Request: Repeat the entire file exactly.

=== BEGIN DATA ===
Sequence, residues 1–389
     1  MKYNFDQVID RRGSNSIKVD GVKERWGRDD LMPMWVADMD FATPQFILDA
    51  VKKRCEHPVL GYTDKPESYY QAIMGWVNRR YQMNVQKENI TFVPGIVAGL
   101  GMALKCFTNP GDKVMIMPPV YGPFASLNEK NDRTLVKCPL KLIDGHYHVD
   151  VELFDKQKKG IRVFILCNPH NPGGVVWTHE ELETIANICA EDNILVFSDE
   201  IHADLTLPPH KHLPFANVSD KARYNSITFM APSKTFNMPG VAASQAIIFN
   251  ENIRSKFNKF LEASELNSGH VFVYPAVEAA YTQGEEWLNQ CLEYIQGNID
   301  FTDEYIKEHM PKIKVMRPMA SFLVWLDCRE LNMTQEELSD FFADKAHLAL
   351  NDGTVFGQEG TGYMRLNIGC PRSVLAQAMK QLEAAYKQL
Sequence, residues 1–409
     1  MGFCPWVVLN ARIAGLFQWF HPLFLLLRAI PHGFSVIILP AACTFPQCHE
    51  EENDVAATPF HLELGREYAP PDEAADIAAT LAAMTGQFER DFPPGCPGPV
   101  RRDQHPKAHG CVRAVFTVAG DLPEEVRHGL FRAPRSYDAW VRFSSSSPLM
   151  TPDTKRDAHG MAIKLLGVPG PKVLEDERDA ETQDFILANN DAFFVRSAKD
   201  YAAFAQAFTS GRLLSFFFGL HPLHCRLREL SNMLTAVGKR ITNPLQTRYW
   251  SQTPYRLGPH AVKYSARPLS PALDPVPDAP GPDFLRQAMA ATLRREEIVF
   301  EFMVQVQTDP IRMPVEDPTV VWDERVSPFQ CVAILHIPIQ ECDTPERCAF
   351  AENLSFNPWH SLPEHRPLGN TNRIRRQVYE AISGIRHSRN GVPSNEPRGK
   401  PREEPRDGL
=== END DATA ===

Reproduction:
Sequence, residues 1–389
     1  MKYNFDQVID RRGSNSIKVD GVKERWGRDD LMPMWVADMD FATPQFILDA
    51  VKKRCEHPVL GYTDKPESYY QAIMGWVNRR YQMNVQKENI TFVPGIVAGL
   101  GMALKCFTNP GDKVMIMPPV YGPFASLNEK NDRTLVKCPL KLIDGHYHVD
   151  VELFDKQKKG IRVFILCNPH NPGGVVWTHE ELETIANICA EDNILVFSDE
   201  IHADLTLPPH KHLPFANVSD KARYNSITFM APSKTFNMPG VAASQAIIFN
   251  ENIRSKFNKF LEASELNSGH VFVYPAVEAA YTQGEEWLNQ CLEYIQGNID
   301  FTDEYIKEHM PKIKVMRPMA SFLVWLDCRE LNMTQEELSD FFADKAHLAL
   351  NDGTVFGQEG TGYMRLNIGC PRSVLAQAMK QLEAAYKQL
Sequence, residues 1–409
     1  MGFCPWVVLN ARIAGLFQWF HPLFLLLRAI PHGFSVIILP AACTFPQCHE
    51  EENDVAATPF HLELGREYAP PDEAADIAAT LAAMTGQFER DFPPGCPGPV
   101  RRDQHPKAHG CVRAVFTVAG DLPEEVRHGL FRAPRSYDAW VRFSSSSPLM
   151  TPDTKRDAHG MAIKLLGVPG PKVLEDERDA ETQDFILANN DAFFVRSAKD
   201  YAAFAQAFTS GRLLSFFFGL HPLHCRLREL SNMLTAVGKR ITNPLQTRYW
   251  SQTPYRLGPH AVKYSARPLS PALDPVPDAP GPDFLRQAMA ATLRREEIVF
   301  EFMVQVQTDP IRMPVEDPTV VWDERVSPFQ CVAILHIPIQ ECDTPERCAF
   351  AENLSFNPWH SLPEHRPLGN TNRIRRQVYE AISGIRHSRN GVPSNEPRGK
   401  PREEPRDGL